Outside of basic dentistry, the procedure that might be most associated with dentists is the root canal. Root canals go beyond basic cavity fillings or teeth cleanings; they’re a method of clearing out a deep tooth infection without removing the tooth. The most basic answer to the question posed in the title is this: you need a root canal when the root of your tooth becomes infected. Going further into detail can help you understand the symptoms that point to a root canal as well as why getting a root canal done is so important.
The signs you may need a root canal aren’t too dissimilar to the signs of a bad cavity. You may experience a lot of pain in the affected tooth as well as sensitivity to hot and cold. The gums near the tooth may become tender or begin to swell, and you may see the formation of a small bump – it might look like a pimple. One of the most prominent signs that you need a root canal is that the affected tooth begins to darken.
What’s happening when you’re experiencing all of these symptoms is fairly simple but does require some knowledge of tooth anatomy. The parts of your teeth above the gums are known as the crowns; below the gums, you’ll find the roots. Generally, infection doesn’t find its way to the root because it’s not exposed; it has to travel through the rest of the tooth first. When you have a cavity, however, the infection can begin to work its way from the crown to the root. Teeth are filled with blood vessels and nerve endings that keep them healthy but when an infection reaches your roots, it begins to compromise these tissues and the infection can eventually spread.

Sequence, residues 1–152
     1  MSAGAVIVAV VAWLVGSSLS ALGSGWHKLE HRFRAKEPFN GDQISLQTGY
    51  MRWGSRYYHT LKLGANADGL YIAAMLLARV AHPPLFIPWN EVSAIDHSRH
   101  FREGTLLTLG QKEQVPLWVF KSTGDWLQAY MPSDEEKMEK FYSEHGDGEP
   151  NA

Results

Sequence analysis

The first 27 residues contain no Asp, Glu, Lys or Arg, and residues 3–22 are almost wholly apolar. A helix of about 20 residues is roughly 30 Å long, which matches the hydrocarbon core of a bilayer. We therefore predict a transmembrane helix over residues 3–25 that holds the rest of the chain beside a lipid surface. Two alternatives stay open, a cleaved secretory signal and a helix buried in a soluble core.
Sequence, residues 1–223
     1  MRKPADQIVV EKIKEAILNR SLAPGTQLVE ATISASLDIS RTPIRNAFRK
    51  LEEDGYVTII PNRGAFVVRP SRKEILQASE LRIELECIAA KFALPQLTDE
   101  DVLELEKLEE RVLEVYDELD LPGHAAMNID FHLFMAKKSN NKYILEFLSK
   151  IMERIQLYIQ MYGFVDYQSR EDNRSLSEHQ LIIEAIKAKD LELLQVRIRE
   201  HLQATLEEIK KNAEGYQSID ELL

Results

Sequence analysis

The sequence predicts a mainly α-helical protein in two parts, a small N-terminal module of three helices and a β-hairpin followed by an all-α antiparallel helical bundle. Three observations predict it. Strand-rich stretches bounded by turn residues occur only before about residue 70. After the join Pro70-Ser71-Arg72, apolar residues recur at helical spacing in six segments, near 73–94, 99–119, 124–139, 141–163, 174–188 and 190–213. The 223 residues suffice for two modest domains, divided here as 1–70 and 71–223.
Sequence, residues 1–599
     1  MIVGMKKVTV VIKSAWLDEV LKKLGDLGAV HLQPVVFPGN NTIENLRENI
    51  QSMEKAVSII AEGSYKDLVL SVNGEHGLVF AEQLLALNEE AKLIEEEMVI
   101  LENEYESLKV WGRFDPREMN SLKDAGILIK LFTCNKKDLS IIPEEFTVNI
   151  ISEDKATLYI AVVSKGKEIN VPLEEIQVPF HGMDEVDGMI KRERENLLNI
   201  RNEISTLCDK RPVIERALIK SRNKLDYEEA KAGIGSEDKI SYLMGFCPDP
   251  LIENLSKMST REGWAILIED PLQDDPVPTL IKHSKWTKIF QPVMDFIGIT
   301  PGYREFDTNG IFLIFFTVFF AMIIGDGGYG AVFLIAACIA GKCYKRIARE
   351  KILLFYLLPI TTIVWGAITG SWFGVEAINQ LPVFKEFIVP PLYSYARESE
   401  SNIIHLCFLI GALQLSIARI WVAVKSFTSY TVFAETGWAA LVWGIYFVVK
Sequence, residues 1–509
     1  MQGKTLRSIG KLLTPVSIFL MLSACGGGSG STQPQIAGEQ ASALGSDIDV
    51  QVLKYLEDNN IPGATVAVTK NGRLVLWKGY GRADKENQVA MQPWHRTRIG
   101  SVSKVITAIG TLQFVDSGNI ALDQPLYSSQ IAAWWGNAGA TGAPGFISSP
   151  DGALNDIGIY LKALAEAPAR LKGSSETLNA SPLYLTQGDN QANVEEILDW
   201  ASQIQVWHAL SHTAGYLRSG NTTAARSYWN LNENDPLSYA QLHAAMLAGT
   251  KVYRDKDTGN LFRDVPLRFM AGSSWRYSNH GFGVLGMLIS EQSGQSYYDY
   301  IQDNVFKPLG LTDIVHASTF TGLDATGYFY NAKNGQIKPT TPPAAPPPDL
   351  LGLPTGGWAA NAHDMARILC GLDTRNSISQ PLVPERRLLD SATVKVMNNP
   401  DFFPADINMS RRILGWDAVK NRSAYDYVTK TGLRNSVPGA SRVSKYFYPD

You’ll need a root canal (technically, a root canal procedure; the root canal is where the infection is) when the infection reaches the roots. Without the procedure, the tooth would have to be removed because the risk of infection spreading is too high, and eventually the tooth would die anyway (as the infection kills all of the healthy tissue in the tooth). The root canal procedure involves removing all of the infected tissue. After this, an artificial crown is often put over the tooth. This option is generally preferable to removing the tooth, which can affect how your smile looks, can cause problems chewing food, and can create misalignment in the rest of your teeth.
When you experience symptoms that could mean a cavity or a root canal infection, you should go see your dentist right away. The longer you wait, the more likely the infection is to spread, and the less likely it is you’ll be able to keep your tooth. Our experienced dental clinic in Winnipeg will be able to diagnose your teeth very quickly; from there, we’ll be able to propose the best treatment options for you.